On Thursday, September 28th, the Sacramento American Heart Association held their annual State Employee Heart and Stroke Walk at the capitol. From hula hooping to side-stepping bananas, the Walk’s health fair had it all. The American Heart Association fights to end heart disease and stroke and aims to help people live healthier lives.
On Saturday, October 6th, the Black Parallel School Board held a forum at the Fruitridge Community Collaborative for candidates seeking office for the Sacramento Unified School District Board.
Access Sacramento’s 19th annual “A Place Called Sacramento” Film Festival presented 10 original all-local films to a sold-out audience of more than 920 attendees at the historic Crest Theatre Saturday as the culmination of this annual celebration of Sacramento filmmakers.Ten original 10-minute screenplays were turned into movies over the summer and made their world premiere at a high energy event inside the region’s largest movie venue.
While each of the films is already a “winner” having its story judged last March as one of the top 10 among all entries into the competition, in several festival specialty awards, Writer/Director William Mendoza’s “Justin Time” earned top honors.
It took home both the “Audience Favorite” and the Producer’s Choice awards, the latter includes a grand prize of a $1,000 ladies diamond ring donated by Sharif Jewelers.
“Justin Time” is the story of a how a nearly late delivery by a 1980’s Sacramento newspaper carrier intersects with a man dealing with a personal crisis. The award for Best Actor in a Supporting Role went to Griffen Dresbach-Hill who portrayed the best friend of the newspaper carrier.
Other top specialty honors determined by professional filmmakers went to Writer Danya Barrow’s film “Tono Sommesso” for Dawn Spinella as Best Director, Matt Trammel as Best Actor in a leading role, and Michael Thygeson with Best Cinematography.
“Tono Sommesso” is the fictional story of a blind woman who works to become a top sommelier, recognized for her ability to pair wines and food at a chîc area restaurant.
Writer Ritu Atwal’s movie “The Gift” claimed the other two acting awards with Rachel Brown winning as Best Actress in a leading role, with Oliva Pratt winning for Best Actress in a supporting role.
“The Gift” explores the connection between a Los Angeles couple vacationing in Sacramento in hopes of rekindling the romance in their relationship.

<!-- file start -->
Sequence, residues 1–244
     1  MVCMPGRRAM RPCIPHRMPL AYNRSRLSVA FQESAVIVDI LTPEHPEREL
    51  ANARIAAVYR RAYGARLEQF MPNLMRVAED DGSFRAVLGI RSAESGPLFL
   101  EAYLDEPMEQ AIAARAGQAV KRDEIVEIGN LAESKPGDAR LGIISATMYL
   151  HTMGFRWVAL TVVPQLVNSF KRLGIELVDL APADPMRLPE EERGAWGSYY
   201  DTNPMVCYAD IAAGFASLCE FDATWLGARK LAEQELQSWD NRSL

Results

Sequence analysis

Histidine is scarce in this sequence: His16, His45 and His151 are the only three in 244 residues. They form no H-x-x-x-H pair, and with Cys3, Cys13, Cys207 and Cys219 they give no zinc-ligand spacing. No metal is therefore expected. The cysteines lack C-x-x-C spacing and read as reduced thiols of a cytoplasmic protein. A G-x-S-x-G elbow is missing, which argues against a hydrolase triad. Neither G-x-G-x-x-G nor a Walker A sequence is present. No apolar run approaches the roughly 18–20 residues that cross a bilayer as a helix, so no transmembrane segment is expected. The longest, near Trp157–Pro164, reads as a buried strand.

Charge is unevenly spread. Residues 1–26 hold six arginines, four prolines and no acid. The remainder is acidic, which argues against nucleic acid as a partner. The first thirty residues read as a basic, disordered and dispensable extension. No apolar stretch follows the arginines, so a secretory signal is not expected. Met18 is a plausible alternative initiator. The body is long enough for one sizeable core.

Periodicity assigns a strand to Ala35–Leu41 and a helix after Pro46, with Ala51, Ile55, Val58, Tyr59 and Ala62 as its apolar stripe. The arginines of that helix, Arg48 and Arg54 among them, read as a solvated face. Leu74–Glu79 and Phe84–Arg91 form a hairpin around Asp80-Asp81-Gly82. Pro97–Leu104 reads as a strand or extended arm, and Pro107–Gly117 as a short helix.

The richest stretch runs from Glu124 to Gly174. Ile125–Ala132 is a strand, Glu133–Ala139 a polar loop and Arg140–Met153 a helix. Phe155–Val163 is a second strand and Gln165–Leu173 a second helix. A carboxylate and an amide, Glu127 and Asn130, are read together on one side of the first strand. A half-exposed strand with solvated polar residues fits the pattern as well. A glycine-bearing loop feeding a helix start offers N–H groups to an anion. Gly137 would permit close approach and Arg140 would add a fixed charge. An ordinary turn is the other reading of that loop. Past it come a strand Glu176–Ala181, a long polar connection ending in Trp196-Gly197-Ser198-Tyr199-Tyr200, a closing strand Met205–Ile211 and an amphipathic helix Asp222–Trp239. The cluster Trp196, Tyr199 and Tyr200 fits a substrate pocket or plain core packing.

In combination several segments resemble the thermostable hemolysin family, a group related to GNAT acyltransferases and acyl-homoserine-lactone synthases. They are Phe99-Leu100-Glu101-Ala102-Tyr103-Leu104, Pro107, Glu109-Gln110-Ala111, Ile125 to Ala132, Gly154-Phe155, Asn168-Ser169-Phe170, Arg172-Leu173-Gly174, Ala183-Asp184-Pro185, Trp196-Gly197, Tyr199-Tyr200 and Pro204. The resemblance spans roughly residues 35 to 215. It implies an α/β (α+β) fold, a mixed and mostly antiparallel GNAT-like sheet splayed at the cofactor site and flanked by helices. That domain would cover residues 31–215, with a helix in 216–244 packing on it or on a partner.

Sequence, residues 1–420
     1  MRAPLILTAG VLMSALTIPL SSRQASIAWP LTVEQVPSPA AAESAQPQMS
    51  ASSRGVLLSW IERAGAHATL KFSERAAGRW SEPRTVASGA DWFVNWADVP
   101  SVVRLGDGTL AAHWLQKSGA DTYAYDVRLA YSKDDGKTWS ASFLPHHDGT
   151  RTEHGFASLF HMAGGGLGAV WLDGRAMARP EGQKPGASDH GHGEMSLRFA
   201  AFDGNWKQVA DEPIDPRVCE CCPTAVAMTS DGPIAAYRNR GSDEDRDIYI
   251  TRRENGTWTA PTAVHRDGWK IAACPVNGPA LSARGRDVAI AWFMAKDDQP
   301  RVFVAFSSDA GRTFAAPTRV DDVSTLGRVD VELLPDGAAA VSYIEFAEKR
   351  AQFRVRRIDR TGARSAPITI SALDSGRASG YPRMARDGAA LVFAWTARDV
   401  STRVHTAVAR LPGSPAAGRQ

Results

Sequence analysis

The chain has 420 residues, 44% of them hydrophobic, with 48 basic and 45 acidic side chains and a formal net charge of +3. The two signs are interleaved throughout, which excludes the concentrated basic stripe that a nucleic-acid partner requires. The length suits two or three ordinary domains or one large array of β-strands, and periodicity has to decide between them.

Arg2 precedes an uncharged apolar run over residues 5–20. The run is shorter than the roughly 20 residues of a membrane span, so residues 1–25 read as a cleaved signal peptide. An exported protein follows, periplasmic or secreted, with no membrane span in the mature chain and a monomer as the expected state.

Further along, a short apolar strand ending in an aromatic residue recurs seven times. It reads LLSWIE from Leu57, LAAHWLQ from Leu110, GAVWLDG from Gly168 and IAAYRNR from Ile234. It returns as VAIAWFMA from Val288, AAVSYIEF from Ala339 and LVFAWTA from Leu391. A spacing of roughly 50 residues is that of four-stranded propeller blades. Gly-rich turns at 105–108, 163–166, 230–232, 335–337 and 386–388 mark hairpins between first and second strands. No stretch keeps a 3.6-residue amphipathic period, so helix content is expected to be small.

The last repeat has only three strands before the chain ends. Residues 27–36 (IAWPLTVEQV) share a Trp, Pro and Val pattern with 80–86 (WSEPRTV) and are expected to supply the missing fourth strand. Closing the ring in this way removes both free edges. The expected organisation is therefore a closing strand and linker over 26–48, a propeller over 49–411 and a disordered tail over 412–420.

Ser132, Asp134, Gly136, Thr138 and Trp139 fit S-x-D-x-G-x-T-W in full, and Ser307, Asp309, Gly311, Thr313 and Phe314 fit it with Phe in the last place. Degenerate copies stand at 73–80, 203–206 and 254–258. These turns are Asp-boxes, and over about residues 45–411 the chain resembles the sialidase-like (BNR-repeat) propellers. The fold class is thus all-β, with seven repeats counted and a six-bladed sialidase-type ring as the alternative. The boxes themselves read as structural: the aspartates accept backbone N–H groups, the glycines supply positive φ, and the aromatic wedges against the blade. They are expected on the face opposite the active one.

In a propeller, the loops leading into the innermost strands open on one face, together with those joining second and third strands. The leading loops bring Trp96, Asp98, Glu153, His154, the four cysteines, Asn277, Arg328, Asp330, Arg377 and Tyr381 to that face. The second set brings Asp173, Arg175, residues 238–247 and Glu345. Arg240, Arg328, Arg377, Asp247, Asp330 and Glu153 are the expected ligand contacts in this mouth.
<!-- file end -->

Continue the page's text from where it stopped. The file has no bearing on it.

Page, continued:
“The Gift” also won for best editing by Jag Sandhu and Sikandar Sidhu.
Each of the 10 winning writers was called onto the stage at the Crest to make comments about the creation of their films and the inspiration for the stories. Many were based on true life incidents in their lives.
The other winning writers and their movies are (in alphabetical order):
Aldo Cocco’s “Delta Breeze” is the story of a psychologist whose own relationship troubles interfere with her ability to counsel others, until a chance encounter while walking along the Sacramento River provides new hope for the future.
Based on the true story of her grandmother’s immigration to Sacramento from El Salvador, “The Disappeared’ by Thalia Caraveo explores the twists brought when separated families who arrive as refugees must then face new concerns including those brought on by Alzheimer’s disease with an aging parent.
“The Engagement Ring” by Romeo Trocino is set around the state capitol and features a helpful set of bystanders who all help a young man on a desperate hunt for a missing engagement ring.
One of the comedies in this set of films, “Escargot” by Judith Plank explores a mother and father’s concern for their son whose only friends appear to be their home’s garden snails.
Over the course of the festival’s 19 years, only “The Story of Jane and Jo” by Eric Sanderson fills the genre of musical. With original lyrics and a score, the film centers around the impending blind date by two neighbors who’ve never spoken before.
Another dating movie, “Swipe Right” by Nathan Reedy, is a comedy based on real life encounters in the world created from on-line dating phone apps where the two parties show interest with a flick of the finger across the screen.
A final dating movie, “Triple Shot Latte” by Amy Lawrence, is set around a coffee shop where a young man from a pharmaceutical manufacturer must win over his date who in reality has been sent there to kill him.
The films, award ceremony and thank you messages by filmmakers will air several weeks from now on Access Sacramento cable 17. Access Sacramento Executive Director and Festival Director Gary Martin hosted the program and encouraged all those in attendance to consider writing a screenplay for next years competition and to prepare by becoming a member of Access Sacramento.
Access Sacramento is a local non-profit membership foundation providing media training and equipment resources serving Sacramento County residents with a full high-definition TV studio, checkout video equipment and an over-the-air and internet radio station, KUBU-LP 96.5 FM.
For more information about Access Sacramento, visit AccessSacramento.org or call 916-456-8600.
Photos courtesy: Tia Gemmel, Riverview Media Photography Event photo galleries at http://www.phototia.com/photos/galleries/october/place-called-sacramento-film-festival-10618
or at Facebook https://www.facebook.com/tia.gemmell and